Talking about mental health is important. Whether you’re feeling down or suffer from a mental health disorder like anxiety, talk about it openly with someone you trust. Every culture has their own way of addressing mental health, and Japan has many kinds of wellness concepts. Ikigai, wabi sabi and kintsugi are some of the most well-known examples.
A Japanese concept that I like to apply towards my own mental health is kika sai. Far from being some revolutionary new form of mindfulness, it’s just something I’ve made up. But I think the principles can be applied to all forms of mental health positivity.
What does kika sai mean?
The Japanese term ‘kika sai’ means ‘coming home.’ It’s the final part of the twenty-step process that is involved in a traditional Shinto funeral. At the end of the ceremony, ashes that haven’t been buried are brought home and placed into a shrine. Family offer thanks to the people who have attended the funeral and prayers are made for the deceased.
I came across the phrase while reading a comic book about the Marvel superhero Wolverine. His son, Daken, chose to give Wolverine a Shinto funeral. Something about the art and the story resonated with me. It depicted the story of a young man who had been at odds with his father for his entire life. But in death, Daken honoured Wolverine’s memory. He came home to Japan and turned his pain and anger into a peaceful moment.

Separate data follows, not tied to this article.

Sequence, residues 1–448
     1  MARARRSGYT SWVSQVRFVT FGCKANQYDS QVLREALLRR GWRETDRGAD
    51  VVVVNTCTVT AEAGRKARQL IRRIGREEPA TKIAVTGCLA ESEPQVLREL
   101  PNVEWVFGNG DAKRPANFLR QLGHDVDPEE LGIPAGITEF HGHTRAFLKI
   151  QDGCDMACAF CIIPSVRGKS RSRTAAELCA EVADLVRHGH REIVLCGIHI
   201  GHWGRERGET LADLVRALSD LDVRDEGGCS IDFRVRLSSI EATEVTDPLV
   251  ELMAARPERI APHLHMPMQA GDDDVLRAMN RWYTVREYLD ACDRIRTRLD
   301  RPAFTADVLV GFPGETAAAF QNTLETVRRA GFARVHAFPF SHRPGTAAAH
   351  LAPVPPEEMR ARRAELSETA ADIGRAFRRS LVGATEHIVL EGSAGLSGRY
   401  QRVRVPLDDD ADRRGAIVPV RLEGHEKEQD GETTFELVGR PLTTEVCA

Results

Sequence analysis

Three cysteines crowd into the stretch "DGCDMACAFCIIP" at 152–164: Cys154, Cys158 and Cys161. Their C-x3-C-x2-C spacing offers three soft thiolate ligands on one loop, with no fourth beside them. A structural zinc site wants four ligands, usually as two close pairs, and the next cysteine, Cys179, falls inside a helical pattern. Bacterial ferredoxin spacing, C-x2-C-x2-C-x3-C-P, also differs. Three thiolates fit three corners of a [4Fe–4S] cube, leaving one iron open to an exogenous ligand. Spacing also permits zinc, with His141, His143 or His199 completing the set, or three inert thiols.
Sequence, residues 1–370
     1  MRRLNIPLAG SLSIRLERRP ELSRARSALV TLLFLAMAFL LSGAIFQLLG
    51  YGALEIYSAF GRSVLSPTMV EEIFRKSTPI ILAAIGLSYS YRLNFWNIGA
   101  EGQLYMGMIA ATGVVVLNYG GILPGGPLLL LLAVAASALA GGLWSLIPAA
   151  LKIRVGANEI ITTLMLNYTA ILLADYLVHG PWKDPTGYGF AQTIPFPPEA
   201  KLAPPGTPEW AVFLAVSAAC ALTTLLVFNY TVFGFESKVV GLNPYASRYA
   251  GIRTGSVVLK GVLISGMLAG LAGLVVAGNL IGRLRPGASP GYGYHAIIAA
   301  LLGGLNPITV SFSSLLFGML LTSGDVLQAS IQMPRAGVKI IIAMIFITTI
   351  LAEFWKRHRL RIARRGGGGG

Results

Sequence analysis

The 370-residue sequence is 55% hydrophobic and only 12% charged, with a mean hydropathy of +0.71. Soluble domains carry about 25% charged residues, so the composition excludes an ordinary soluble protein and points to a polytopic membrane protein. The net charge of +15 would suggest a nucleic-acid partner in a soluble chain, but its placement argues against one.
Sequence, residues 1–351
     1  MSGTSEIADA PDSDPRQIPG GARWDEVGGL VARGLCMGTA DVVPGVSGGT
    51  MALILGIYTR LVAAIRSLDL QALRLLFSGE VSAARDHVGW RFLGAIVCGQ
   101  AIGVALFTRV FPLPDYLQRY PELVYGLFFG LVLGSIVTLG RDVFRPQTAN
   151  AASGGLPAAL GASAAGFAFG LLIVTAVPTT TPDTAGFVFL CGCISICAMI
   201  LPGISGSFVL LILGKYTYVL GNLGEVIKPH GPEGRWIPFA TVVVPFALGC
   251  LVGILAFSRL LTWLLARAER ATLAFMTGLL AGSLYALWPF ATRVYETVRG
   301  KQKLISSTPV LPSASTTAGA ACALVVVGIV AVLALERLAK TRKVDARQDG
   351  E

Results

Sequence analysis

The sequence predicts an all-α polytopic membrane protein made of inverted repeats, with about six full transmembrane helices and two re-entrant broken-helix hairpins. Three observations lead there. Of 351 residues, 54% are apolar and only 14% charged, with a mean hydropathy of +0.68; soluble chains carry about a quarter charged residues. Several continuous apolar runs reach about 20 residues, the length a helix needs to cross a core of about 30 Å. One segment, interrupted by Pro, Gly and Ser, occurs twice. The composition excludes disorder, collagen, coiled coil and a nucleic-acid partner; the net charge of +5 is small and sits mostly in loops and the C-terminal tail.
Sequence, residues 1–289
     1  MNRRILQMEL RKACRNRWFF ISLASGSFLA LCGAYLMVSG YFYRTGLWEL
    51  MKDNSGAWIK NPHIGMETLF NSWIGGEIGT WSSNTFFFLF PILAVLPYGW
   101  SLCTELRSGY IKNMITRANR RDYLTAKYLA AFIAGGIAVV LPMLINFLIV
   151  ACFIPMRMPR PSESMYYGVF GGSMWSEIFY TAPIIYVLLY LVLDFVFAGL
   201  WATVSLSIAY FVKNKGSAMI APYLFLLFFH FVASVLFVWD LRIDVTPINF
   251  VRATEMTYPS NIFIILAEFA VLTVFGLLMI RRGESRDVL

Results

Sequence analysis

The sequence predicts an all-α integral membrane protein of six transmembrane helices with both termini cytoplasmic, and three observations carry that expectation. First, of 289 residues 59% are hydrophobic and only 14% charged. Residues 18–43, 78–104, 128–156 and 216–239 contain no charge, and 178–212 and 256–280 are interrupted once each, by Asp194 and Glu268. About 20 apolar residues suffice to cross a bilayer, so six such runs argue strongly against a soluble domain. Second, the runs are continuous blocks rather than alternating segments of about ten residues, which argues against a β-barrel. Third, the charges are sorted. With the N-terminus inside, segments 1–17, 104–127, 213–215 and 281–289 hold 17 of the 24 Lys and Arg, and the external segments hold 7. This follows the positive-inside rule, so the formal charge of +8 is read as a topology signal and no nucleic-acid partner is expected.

Applying kika sai to mental health
The idea of ‘coming home’ means a lot to me. I think it’s very powerful from a mental health perspective. Coming home can mean returning to a physical place. But it can also mean returning to the things that you love the most. No matter how dark the world becomes, come home to what you are passionate about.
In this context, my version of kika sai is reminding myself of how much I enjoy writing. It’s reminding myself of the joy of picking up a new book. It’s the feeling of reading a graphic novel and becoming engrossed by my favourite superheroes. It’s the simple peace of spending time with family and being around the people who make my life worth living.
So, think of kika sai as a road back to what makes you happy. The journey might be long and rough, but you will always have those things that keep you motivated. Build a home out of what you love and it will last forever inside your mind. This can be a helpful coping mechanism and it certainly works for me.